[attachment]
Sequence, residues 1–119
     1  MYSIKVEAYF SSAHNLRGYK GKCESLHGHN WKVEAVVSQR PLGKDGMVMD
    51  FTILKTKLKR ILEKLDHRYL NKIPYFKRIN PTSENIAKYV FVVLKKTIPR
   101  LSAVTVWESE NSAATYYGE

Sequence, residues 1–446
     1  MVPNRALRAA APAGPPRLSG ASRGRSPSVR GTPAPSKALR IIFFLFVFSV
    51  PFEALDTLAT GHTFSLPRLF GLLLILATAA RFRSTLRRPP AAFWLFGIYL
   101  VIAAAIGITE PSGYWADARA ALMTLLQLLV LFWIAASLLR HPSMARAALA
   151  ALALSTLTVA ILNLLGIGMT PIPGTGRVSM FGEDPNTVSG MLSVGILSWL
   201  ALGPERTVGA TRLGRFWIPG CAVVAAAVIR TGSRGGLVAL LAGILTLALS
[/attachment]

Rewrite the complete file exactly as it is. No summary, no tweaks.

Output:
Sequence, residues 1–119
     1  MYSIKVEAYF SSAHNLRGYK GKCESLHGHN WKVEAVVSQR PLGKDGMVMD
    51  FTILKTKLKR ILEKLDHRYL NKIPYFKRIN PTSENIAKYV FVVLKKTIPR
   101  LSAVTVWESE NSAATYYGE

Sequence, residues 1–446
     1  MVPNRALRAA APAGPPRLSG ASRGRSPSVR GTPAPSKALR IIFFLFVFSV
    51  PFEALDTLAT GHTFSLPRLF GLLLILATAA RFRSTLRRPP AAFWLFGIYL
   101  VIAAAIGITE PSGYWADARA ALMTLLQLLV LFWIAASLLR HPSMARAALA
   151  ALALSTLTVA ILNLLGIGMT PIPGTGRVSM FGEDPNTVSG MLSVGILSWL
   201  ALGPERTVGA TRLGRFWIPG CAVVAAAVIR TGSRGGLVAL LAGILTLALS